Communion on the Streets for Pride

Capital Pride takes shape outside Pilgrims.  That's our intern, Kristin, in the front of this pix. Check out the bubbles in front of her...coming out of our bubble machine.
Capital Pride takes shape outside Pilgrims. That's our intern, Kristin, in the front of this pix. Check out the bubbles in front of her...coming out of our bubble machine.

Capital Pride was last weekend in Washington, D.C. and the Saturday afternoon parade starts at the footsteps of Pilgrims. And by starting out in front of Pilgrims I mean this the chaos you see the picture above.

Pilgrims opens its doors for Pride for bathrooms, water (with our water station handled by the Fairfax Hotel) and this year we added communion in the sanctuary. Our sanctuary had the AC going full blast and one of our Parish Associates, Charles Van Gorder, was present to share communion, talk, and be present. Our sanctuary became a meditative space for those seeking some quiet and stillness from the chaotic, sensory, rainbow scene out front.

This year we also decided to take communion to the More Light Presbyterian marchers while we waited for the parade to start. This meant taking communion to 22nd and N Street, NW, Washington, DC, 20037.

Our fabulous interns, Emily, Andrew, and Kristin took old communion trays and made them fabulous.

Emily cut up baguettes left over from lunch from Pride officials lunch and staging area at Pilgrims.

Jess Fisher, former intern, and I took the bread and the trays to the More Light Presbyterian waiting area. We shared in communion using the human microphone method--a method used by the Occupy movement to run meetings and liturgies. We used improv for the Prayer of Great Thanksgiving. The whole thing went something like this:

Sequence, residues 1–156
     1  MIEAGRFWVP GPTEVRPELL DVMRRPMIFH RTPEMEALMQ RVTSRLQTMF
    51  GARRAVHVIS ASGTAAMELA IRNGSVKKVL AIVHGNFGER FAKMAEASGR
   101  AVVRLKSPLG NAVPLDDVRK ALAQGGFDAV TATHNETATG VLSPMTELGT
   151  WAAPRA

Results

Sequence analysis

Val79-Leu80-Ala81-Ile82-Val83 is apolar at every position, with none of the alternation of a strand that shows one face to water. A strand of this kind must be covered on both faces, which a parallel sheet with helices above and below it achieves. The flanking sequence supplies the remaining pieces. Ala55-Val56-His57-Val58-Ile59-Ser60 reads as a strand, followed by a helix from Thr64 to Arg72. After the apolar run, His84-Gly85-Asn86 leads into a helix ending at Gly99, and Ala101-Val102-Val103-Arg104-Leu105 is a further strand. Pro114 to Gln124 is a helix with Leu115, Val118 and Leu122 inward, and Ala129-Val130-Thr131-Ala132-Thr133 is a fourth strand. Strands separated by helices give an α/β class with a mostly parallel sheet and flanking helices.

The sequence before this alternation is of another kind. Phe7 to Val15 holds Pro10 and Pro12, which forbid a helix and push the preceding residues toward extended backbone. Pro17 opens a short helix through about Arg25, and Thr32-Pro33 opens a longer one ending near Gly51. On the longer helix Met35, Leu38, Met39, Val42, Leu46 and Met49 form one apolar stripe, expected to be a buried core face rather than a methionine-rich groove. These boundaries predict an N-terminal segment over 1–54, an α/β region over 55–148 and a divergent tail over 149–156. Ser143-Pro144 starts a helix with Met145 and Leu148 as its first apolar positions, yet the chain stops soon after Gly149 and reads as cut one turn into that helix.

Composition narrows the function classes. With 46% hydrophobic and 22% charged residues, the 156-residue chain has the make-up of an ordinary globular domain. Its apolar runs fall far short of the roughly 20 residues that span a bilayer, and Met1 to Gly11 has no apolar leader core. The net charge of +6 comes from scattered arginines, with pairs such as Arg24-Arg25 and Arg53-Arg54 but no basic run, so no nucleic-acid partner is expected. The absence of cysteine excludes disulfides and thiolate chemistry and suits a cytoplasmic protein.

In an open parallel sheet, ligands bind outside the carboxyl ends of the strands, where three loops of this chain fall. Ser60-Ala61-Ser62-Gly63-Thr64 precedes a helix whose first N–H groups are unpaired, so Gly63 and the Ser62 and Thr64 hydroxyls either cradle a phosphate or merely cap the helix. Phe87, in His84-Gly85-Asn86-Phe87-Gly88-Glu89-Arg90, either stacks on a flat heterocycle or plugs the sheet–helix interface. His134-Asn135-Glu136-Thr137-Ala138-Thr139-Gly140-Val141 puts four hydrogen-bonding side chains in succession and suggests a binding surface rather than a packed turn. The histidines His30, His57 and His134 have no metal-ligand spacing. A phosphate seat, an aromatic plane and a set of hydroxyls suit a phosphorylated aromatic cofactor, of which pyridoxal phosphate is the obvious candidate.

Me: We gather

Crowd: We gather

Me: To share a sacred meal on the streets

Crowd: To share a sacred meal on the streets....

Me: What acts of creation do we give thanks for? People called those out. What acts of the prophets do we need to remember? People called those out. What acts of Jesus do we need to remember? What acts of the Spirit? People called those out.

Then we used the human microphone for the Words of Institution.

We shared.

As Jess and I walked back to Pilgrims with what was left of the juice and bread, some folks stopped us to have their own communion moment. Before taking the bread and juice, one person said to Jess, "I have done some very bad things in my life. Very bad things." Jess shared with love and acceptance.

Reflections from sharing communion on the streets:

1) You know all those rules and constructs that the Church  has around ordination and sacraments and whatever? Guess what?  The streets don't care. Thank you, Jesus! When Jess (non-ordained) shared communion, the person didn't ask if she was ordained. Jess didn't ask if the person had been baptized. Who has time for those questions on the streets? Jess carried the symbols of love, life, community, and new beginnings and the streets called her to share freely. For me, the streets expose the absurd nature of the Church. Can you imagine if Jess had said, "Oh, wait. I can only share this with you if you are baptized." Or I had said, "Jess, get out of the way, this is for me the ordained to serve." Seriously? #assholeclergy

2) God is there. We didn't take the Church to 22nd and N. Nor did we take God there. God and the Church and the Spirit are already on the streets. We were greeted by God on the streets. "Well hello there Pilgrim people and MLP's. Thanks for being here on the streets. I've been here all along. Says God every friggin' day."

3) Boundaries get blown up on the streets. See #1. But there wasn't a table to center us. Or walls of a church to show us we are Church. I had to call out "The Lord Be with You" in a loud, directive way and get folks to bunch up together. We had to create our own space within the space of 22nd and N. We also started on our own initiative. No time and space boundaries of liturgy that prompted me to start like "now it's communion because that comes after the hymn which comes after the sermon."